Gimp-Print 4.3.8, released January 26, 2003, is a development release of this package.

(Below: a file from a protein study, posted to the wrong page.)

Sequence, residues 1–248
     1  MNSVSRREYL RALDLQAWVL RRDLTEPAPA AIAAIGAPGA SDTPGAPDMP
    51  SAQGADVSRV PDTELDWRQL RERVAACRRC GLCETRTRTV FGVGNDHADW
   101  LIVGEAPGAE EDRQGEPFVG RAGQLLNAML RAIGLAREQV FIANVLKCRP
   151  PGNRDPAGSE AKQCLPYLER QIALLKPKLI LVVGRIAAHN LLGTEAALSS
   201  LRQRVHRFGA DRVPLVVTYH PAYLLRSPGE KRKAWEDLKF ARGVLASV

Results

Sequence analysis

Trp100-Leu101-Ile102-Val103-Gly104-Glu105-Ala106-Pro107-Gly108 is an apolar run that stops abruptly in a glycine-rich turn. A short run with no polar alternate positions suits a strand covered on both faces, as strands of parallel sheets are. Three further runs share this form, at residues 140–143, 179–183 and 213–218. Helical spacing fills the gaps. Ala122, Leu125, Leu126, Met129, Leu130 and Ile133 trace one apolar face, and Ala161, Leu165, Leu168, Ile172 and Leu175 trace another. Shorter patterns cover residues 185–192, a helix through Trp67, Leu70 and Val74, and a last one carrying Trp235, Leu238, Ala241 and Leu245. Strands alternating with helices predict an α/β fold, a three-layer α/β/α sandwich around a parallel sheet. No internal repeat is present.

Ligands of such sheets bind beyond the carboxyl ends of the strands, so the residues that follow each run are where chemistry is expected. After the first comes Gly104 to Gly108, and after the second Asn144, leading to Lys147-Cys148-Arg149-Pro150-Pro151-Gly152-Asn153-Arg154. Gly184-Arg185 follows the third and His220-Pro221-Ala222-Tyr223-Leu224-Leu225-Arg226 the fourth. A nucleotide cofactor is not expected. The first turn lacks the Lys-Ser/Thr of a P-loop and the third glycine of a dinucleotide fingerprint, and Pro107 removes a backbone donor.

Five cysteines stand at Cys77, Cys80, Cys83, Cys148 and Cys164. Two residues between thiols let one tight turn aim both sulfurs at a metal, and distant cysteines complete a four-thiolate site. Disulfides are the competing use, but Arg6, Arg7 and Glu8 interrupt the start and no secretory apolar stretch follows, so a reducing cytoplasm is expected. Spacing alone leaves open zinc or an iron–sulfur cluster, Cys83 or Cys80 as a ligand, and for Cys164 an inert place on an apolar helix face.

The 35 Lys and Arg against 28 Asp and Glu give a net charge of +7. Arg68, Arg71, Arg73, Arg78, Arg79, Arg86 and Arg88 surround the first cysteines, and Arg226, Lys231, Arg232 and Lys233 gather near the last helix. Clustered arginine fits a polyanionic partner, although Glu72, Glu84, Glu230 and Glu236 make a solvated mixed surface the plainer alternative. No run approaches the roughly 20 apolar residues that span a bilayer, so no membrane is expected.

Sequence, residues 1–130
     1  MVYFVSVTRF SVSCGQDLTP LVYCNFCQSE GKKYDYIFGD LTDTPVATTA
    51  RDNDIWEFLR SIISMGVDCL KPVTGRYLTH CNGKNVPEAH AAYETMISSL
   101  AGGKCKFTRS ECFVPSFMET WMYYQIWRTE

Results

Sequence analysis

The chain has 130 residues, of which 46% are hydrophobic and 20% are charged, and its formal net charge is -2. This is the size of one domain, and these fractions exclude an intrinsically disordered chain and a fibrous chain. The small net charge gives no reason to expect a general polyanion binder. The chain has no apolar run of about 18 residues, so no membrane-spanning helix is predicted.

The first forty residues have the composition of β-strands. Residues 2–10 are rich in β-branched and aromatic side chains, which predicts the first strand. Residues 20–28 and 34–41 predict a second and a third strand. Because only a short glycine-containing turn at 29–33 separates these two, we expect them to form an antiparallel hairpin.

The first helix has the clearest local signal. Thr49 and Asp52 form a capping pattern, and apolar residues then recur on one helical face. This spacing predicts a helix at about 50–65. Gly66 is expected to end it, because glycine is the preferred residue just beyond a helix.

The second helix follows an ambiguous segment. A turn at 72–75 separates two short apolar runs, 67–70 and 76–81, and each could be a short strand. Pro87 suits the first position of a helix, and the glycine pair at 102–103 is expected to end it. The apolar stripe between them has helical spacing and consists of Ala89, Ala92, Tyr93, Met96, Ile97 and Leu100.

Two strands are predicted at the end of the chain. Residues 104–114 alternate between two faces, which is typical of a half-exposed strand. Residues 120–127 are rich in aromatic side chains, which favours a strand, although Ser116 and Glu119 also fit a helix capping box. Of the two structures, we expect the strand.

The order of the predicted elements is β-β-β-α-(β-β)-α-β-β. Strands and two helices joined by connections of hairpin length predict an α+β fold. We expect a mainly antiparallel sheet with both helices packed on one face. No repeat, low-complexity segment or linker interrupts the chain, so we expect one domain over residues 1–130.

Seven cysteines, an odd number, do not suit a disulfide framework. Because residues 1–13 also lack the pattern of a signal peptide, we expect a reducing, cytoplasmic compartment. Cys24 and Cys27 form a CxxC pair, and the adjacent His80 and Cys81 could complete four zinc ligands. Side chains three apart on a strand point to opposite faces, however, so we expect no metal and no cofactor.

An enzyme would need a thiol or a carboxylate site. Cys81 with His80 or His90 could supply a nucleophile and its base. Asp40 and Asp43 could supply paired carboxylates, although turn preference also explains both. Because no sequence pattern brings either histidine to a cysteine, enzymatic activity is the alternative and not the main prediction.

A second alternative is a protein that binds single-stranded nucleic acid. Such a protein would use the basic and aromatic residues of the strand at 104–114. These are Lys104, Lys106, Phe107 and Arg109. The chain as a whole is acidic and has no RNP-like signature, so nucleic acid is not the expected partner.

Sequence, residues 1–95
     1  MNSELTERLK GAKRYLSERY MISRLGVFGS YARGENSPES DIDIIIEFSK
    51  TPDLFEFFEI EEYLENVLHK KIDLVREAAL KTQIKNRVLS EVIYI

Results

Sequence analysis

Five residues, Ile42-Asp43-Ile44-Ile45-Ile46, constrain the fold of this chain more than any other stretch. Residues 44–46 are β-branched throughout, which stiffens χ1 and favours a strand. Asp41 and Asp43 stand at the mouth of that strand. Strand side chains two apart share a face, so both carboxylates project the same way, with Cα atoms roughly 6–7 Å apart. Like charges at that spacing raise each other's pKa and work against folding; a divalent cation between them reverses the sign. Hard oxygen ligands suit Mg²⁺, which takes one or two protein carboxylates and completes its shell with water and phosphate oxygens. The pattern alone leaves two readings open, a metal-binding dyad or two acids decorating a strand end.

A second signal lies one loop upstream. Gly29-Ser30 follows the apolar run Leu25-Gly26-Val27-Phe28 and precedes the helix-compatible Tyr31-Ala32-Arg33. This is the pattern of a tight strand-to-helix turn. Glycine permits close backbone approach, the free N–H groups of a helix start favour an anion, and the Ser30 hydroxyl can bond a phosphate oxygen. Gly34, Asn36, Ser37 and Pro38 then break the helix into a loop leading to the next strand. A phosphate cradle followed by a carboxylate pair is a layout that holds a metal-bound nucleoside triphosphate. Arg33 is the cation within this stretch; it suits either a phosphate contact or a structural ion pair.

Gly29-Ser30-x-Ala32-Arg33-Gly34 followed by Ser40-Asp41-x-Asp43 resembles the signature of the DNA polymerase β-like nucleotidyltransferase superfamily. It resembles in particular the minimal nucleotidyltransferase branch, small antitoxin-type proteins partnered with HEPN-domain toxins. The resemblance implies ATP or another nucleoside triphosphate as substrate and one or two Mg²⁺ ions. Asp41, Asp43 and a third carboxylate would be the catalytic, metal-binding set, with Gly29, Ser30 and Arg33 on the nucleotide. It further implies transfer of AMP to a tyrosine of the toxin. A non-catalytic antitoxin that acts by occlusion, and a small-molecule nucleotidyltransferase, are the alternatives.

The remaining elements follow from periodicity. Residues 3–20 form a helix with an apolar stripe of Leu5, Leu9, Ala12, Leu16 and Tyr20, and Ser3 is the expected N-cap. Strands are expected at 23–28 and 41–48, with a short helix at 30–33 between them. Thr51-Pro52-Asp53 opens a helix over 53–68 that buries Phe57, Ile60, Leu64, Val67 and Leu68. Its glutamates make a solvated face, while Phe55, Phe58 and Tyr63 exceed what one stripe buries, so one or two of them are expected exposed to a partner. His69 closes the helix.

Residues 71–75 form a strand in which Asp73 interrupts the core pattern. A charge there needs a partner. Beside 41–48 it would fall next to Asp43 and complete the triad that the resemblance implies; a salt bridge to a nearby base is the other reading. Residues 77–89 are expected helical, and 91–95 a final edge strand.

Gimp-Print is a suite of printer drivers that may be used with most common UNIX print spooling systems, including CUPS, lpr, LPRng, or others. These drivers provide high quality printing for UNIX (including Macintosh OS X 10.2 and newer) and Linux systems in many cases equal to or better than proprietary vendor-supplied drivers, and can be used for many of the most demanding printing tasks. This software includes the Print plug-in for the Gimp, and Ghostscript and CUPS drivers, including Foomatic data. The print plugin for the Gimp requires the Gimp 1.2 (later versions of the Gimp are not supported). The CUPS driver requires CUPS 1.1.9 or higher. 1.1.14 or above is highly recommended, as certain translation-related bugs are fixed and it is possible to print true CMYK. The IJS-based GhostScript plugin driver requires GNU Ghostscript 6.53 or later, ESP Ghostscript 7.05 or later, or APFL GhostScript 7.04 or later. Users of Macintosh OS X 10.2 and above can use this package, as the printing system is based on CUPS, which is supported by Gimp-print. Note that Macintosh OS X 10.0 and 10.1 (including 10.1.5) cannot use this package. Please read the README file for full instructions on installing this package. Gimp-Print 4.3.8 is considered to be an unstable release, as more significant API changes have been introduced with relatively limited testing. While most of the changes improve the clarity of the code, the limited testing and extensive nature of the changes suggests that this release is likely to be quite unstable. We recommend that only people who want access to these new API features for development use this release. There are very significant user-visible changes over earlier 4.3 releases, and few changes over the 4.2 stable line. Gimp-Print 4.3.8 contains the following major changes over Gimp-Print 4.3.7: 1) Gimp-print now loads printer family drivers as modules, rather than building them in monolithically. The net effect is that if you do not wish to run make install (i. e. you want to run programs out of the build tree), you must set the STP_MODULE_PATH environment variable to the directory (or search path) containing the loadable modules. This is usually .../src/main or ...src/main/.libs. Other key components (color and dither algorithms) will be similarly modularized in the future. This is an intermediate step. 2) Gimp-print now loads printer and paper size definitions, and dither matrices, from XML data files. The net effect is that if you do not wish to run make install (i. e. you want to run programs out of the build tree), you must set the STP_DATA_PATH environmet variable to the directory (or search path) containing the XML files and dither matrices (.mat files). This is usually .../src/main. Removing the dither matrices from the source code has resulted in a significant reduction in shared object size. Other key components and individual modules will define XML schemas in the future. 3) The color module now offers many new parameters for color adjustment, a few of which are reflected in the GUI (Gimp plugin). These parameters include density adjustments in addition to gamma adjustments for each channel, curves for each channel, GCR bounds and curves, and more. Taking advantage of this currently requires programming skill; we *strongly* urge anyone interested in color management with a modicum of programming skill to take a look at this. 4) Each different processing module (color, dither, and printer) now offers its own parameters. 5) The stp_list_t type is no longer exported in gimp-print.h. It is used internally in various ways; some of those (such as parameter lists) are exported. However, the base type is considered an internal utility. 6) All internal symbols (not exported in gimp-print.h) that are exported for use within the core library are now prefixed with "stpi_" rather than "stp_". 7) CMYK generation from CMY (gray component reduction) is now handled within the color code rather than within the dither code. In the future, we expect to move subchannel generation (photo and quadtone inksets, for example) into the color code, at least as an option. This will enable the dither code to make more intelligent choices about dot size selection, and simplify matters for people who want to experiment with their own inksets and transfer functions. 8) Density is now processed within the dither algorithms, rather than within the color code. This simplifies color generation somewhat, and more accurately reflects the fact that density is a property of the resolution and paper type. 9) The dither code in general has been significantly reorganized; each algorithm has been split out into a file of its own. This is a possible first step toward modularization of the dither code. 10) As a result of a number of the internal changes, the print quality has overall regressed slightly and performance has probably regressed significantly. This is temporary; it is a result of getting things working in the environment of rapid change, and tuning wil occur later. 11) Valgrind has been used to detect some memory leaks and other errors. 12) There have been numerous other API changes. -- Robert Krawitz <[EMAIL PROTECTED]> Tall Clubs International -- http://www.tall.org/ or 1-888-IM-TALL-2 Member of the League for Programming Freedom -- mail [EMAIL PROTECTED] Project lead for Gimp Print -- http://gimp-print.sourceforge.net "Linux doesn't dictate how I work, I dictate how Linux works." --Eric Crampton _______________________________________________ Gimp-developer mailing list [EMAIL PROTECTED] http://lists.xcf.berkeley.edu/mailman/listinfo/gimp-developer